69. “The Ascent”, Larisa Shepitko (1977)

Part of The 100 Greatest Movies I’ve Ever Seen list.


The Ascent or Восхождение or Voskhozhdeniye

dir. Larisa Shepitko (1977) scr. Yuri Klepikov and Larisa Shepitko based on the novel Sotnikov by Vasil Bykov cin. Vladimir Chukhnov and Pavel Lebeshev with Boris Plotnikov, Vladimir Gostuykhin, Sergei Yakolev, Lyudmila Polyakova

In 100 words: A Soviet-era war film built on Christian allusions, Ascent is one of the most completely enveloping and all-consuming films on this list. Its compositions, especially the stark whites and bleak landscapes feel purposefully remote and isolating, while the soundscape highlights the elemental and the primal, effectively instilling a sense of immediacy to the picture. As the film progresses, these images accrue power as the story delves deeper into the human condition: characters face such grim existential questions about heroism, patriotism, and the nature of betrayal, especially when it comes to survival. Shepitko’s alchemy makes all these ideas powerful and moving.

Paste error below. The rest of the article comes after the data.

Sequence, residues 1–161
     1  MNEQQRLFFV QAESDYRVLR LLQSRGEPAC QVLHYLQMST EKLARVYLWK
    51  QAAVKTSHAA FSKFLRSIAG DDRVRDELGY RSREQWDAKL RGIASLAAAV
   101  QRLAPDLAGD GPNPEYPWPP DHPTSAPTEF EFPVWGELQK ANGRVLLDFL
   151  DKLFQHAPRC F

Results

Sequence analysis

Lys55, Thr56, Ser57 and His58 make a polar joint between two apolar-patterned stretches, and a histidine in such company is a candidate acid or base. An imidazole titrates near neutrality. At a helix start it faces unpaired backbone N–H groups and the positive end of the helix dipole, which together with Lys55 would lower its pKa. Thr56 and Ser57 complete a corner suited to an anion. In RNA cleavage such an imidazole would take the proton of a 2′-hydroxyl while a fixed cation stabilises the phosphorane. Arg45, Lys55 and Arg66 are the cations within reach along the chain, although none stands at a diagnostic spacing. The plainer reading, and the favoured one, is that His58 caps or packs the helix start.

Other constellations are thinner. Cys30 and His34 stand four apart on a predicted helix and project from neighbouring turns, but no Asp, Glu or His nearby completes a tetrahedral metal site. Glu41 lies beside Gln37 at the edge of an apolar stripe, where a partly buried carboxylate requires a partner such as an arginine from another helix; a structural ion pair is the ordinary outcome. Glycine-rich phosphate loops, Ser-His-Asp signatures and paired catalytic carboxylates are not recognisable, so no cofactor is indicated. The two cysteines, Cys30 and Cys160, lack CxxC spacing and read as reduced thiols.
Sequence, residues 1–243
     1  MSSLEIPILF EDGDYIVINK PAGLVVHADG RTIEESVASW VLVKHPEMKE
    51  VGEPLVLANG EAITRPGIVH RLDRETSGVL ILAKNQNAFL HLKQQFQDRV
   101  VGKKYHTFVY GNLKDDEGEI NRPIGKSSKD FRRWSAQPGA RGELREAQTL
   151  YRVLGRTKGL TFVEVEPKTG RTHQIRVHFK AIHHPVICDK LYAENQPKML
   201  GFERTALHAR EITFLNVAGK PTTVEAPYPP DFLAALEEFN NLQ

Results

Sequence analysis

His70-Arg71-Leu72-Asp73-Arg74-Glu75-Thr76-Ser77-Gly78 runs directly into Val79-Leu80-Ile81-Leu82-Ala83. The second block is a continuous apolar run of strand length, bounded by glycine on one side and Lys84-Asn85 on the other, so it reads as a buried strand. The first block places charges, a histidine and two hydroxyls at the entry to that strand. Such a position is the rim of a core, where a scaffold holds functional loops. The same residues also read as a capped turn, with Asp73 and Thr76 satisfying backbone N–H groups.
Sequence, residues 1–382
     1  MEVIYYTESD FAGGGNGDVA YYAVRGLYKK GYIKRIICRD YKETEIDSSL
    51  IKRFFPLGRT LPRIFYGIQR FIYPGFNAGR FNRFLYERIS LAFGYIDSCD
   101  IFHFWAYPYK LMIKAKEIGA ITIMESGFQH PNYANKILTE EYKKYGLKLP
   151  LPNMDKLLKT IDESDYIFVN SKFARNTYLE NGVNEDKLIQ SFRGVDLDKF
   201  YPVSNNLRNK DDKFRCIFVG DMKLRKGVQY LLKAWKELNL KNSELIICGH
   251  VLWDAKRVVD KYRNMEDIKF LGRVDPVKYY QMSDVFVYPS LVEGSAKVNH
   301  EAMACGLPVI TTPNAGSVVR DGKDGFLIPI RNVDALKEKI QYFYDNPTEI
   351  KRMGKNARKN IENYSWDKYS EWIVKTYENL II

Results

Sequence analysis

Other Movies for Context: Shepitko’s husband Elem Klimov was also a renowned director, who made another incredible (if utterly disturbing) war film called Come and See (1985) that makes quite an astonishing double feature with this one, though I’m not sure if I could handle seeing both back-to-back. Otherwise, Shepitko had a short filmography due to her tragic death in 1979. The Ascent was the last feature she ever made.

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